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Security devices OK’d by board — School board wants policy on device usage

The Lincoln County School Board has accepted privately-donated security devices for one of its schools, and now has the summer to figure out a policy for their use and how to equally shore-up the other three campuses.

School board members on Monday voted to accept a donation of 52 Barracuda Intruder Defense Systems for use in classrooms at West Lincoln Attendance Center, but not without some hesitation and discussion on procedures for their use and storage. Some board members also questioned whether it was fair for West Lincoln to be the only school with the devices and whether the Barracuda system is even the right device to use.

“My concern is it would be seen as favoring one school over another if we accept this, and I’m also wondering — could the students be able to barricade the door if the teacher steps out of the room?” asked District 5 board member Joanna Posey. “I think they should have a plan in place that says how they’re stored and who should have access to them before school starts.”

The Barracudas — a simple steel locking device designed to secure classroom doors against unauthorized opening — were purchased for approximately $5,700 after the money was raised in a community-driven fundraiser led by West Lincoln parent Melaine Smith Daigle. Donations came in from around Lincoln County and even out-of-state, and an unnamed donor wrote a check for the final $1,000 when the fundraiser was close to its goal.

Daigle said she started the fundraising campaign in response to the shooting at Marjory Stoneman Douglas High School in Parkland, Florida, on Feb. 14 this year. She said she wanted to lead the way because a private effort could cut through red tape and deliver the Barracudas faster than a school district-led effort.

“I felt like something needed to be done to protect our students, faculty and administrators,” Daigle said. “The device is not the answer, but I feel like it’s one more layer of protection, and that gives me peace of mind as a parent.”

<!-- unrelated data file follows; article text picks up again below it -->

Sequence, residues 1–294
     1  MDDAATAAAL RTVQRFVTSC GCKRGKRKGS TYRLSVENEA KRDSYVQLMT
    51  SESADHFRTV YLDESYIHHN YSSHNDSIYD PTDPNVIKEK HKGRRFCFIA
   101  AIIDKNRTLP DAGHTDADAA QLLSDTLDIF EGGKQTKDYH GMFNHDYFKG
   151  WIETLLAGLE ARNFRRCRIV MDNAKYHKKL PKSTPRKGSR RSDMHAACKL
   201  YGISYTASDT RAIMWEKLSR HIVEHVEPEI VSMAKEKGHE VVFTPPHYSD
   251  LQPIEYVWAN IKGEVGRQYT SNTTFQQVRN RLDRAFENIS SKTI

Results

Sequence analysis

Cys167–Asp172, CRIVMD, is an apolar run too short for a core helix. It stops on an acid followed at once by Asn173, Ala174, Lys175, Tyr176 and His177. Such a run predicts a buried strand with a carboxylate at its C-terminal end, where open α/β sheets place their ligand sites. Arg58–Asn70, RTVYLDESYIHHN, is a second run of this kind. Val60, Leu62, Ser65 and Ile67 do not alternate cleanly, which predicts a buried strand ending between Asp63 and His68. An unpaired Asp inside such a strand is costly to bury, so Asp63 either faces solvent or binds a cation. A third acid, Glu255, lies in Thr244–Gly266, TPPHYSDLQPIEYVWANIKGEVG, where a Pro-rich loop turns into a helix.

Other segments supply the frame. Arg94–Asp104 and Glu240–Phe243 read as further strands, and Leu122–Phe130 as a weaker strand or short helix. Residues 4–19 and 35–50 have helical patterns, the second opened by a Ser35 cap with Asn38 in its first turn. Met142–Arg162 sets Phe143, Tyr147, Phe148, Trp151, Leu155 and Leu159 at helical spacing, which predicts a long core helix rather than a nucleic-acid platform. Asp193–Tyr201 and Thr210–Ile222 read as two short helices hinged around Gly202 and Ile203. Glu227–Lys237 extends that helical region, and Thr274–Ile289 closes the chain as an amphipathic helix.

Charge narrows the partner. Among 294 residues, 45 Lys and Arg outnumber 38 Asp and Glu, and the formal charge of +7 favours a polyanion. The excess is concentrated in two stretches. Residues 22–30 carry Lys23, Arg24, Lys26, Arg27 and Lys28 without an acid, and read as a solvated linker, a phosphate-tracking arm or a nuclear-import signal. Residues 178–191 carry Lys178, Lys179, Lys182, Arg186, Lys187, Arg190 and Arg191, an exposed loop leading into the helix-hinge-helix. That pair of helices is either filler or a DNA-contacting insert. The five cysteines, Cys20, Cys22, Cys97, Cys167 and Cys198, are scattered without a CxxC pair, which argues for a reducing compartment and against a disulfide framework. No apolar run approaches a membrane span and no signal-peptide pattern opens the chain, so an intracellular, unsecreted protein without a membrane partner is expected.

But the donation of the Barracudas has put the school board in an awkward spot. None of the other three schools have seen parent-led security efforts start, and Superintendent Mickey Myers said Monday security assessments are ongoing at all four campuses.

He hopes to get clarification on the Barracudas and other recommended security measures from the Mississippi Department of Education’s Safe and Orderly Schools division, which will be presenting information at a seminar for school administrators over the summer.

“We’ll discuss this thoroughly. There’s a lot of information out there, and it’s always changing,” Myers said.

Myers said one possibility is the district furnishing Barracudas, or similar safety devices, for the other three schools. District business manager Sam Stewart said the devices cost Daigle’s fundraiser around $110 each, and he suspects the district could get them cheaper with a bulk order.

But board Vice President Ricky Welch questioned whether the Barracuda is the right tool for the job.

“People are trying to get the cart ahead of the horse a little bit,” he said. “It’s like the deal with a student already in the school — should the money be spent to keep people out of the school?”

Board President Diane Gill said the addition of Barracudas at West Lincoln is a starting point.

“There’s pros and cons for everything,” she said. “Cell phones are great, but they can be misused, too.”

The board voted 5-0 to accept the donated Barracudas.